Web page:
Why Not **One Million** "Provisional" Z Visas In One Day?
June 17, 2007, 05:07 PM
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The comprehensive-capitulation-to-Mexico bill (S.1348) contains such a diversity of horrors that a veritable cottage industry has sprung up to explore all the implications, such as free lawyers for illegals and you-don't need-to-learn-English requirements for English fluency.

University of Missouri at Kansas City law professor Kris Kobach has been sounding the alarm that the already dysfunctional federal immigration bureaucracies (USCIS) will collapse under the added load of Z-visa applications. He wrote:

"So let's assume (conservatively) that 12 million illegals apply for the amnesty within the year allowed. Since the federal government is open for business 250 days a year, there will be an average of 48,000 amnesty applications every day."

Professor Kobach did throw in the hedge "(conservatively)." Even so, he concluded that the de facto time for consideration of an application would drop from six minutes [!!!] in the catastrophic conditions of today (backlog of something like six million legal applications) to maybe two minutes [!!!!!!] once the Z-visa gold rush begins.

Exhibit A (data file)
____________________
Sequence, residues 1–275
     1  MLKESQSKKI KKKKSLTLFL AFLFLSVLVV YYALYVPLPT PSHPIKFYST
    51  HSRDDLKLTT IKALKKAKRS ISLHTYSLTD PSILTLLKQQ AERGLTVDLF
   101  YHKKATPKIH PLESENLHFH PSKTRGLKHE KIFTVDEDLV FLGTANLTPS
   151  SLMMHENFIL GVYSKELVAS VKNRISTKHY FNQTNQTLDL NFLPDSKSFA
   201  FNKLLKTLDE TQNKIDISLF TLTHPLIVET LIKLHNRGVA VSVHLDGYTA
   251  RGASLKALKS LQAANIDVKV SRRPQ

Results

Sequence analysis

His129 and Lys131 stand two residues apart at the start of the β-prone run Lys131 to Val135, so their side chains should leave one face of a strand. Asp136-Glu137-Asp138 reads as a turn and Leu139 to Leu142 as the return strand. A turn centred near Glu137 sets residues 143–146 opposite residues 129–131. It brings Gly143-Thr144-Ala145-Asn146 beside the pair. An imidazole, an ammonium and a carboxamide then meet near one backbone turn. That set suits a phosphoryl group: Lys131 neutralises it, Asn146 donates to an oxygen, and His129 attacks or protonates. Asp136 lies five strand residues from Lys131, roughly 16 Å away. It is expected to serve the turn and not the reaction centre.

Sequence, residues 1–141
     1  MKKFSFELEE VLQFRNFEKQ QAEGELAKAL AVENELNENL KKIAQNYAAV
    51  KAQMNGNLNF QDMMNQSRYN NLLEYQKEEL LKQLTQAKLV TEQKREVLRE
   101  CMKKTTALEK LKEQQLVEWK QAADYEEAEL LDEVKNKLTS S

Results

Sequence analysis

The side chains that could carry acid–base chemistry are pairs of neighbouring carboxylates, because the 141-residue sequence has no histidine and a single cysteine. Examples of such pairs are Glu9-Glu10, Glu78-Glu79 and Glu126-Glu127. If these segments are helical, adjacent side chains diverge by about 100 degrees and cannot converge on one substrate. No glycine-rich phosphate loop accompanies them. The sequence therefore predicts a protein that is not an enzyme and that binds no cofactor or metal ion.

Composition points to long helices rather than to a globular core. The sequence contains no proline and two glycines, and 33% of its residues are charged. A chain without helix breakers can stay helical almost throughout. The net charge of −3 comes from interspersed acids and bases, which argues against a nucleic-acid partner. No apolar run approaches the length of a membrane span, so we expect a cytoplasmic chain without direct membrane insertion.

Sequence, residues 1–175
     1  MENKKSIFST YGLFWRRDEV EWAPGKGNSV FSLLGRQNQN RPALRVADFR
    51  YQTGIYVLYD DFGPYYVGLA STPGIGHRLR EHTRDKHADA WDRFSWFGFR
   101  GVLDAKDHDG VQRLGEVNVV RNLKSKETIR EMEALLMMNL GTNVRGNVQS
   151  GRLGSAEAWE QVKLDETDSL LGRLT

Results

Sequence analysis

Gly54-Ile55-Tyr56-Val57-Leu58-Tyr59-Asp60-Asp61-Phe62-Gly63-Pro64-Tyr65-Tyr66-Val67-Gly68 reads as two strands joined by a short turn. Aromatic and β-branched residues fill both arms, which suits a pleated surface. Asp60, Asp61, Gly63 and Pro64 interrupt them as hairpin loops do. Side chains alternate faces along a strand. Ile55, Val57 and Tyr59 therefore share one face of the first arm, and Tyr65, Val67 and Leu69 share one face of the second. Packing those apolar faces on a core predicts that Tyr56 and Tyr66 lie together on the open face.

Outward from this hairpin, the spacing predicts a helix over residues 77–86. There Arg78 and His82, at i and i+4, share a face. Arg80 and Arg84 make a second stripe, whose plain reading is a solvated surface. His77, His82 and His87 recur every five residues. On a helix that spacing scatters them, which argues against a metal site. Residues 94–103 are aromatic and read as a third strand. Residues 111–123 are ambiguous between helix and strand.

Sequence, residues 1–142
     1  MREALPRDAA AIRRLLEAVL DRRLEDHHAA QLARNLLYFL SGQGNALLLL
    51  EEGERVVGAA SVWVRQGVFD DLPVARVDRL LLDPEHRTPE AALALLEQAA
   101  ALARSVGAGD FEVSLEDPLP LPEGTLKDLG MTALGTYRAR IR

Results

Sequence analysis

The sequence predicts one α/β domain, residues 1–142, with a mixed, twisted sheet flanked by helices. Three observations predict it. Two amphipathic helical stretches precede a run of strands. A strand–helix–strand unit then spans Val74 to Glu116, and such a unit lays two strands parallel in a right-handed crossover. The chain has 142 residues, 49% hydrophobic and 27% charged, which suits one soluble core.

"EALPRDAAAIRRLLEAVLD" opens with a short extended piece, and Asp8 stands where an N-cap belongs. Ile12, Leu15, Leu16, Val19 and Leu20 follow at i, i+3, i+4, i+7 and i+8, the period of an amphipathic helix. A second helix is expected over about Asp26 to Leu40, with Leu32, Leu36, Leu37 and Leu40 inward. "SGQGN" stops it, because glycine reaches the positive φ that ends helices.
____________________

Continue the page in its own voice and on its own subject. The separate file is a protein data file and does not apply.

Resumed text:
That's the way a linear-thinking physicist like me would approach it, too: 12 million illegals in 250 days averages out to 48,000 per day. But we should train ourselves to think like famously-devious immigration lawyers (e.g. there's no hint in this letter from the Billings Gazette that its author is an immigration lawyer, but she is) and organizations making up the ethnic invasion lobby (e.g. MALDEF, LaRaza, and LULAC).

The key thing is that the government would have only one business day to do a background check on an applicant for a provisional Z visa. If they can't complete it within the requisite 24 hours, tough noogies, the applicant gets the provisional Z.

So why wouldn't MALDEF, ACLU, et al. simply arrange to hold off on submitting applications until, say, one million had accumulated (about twenty days at the Kris Kobach rate) and then dump the whole stack on the bureaucracy, along with the noisy reminder that "You'd better turn these around by tomorrow"?

Upshot? I'll bet USCIS will wind up handing out provisional Z visas as casually as if they were prizes from boxes of Cracker Jack.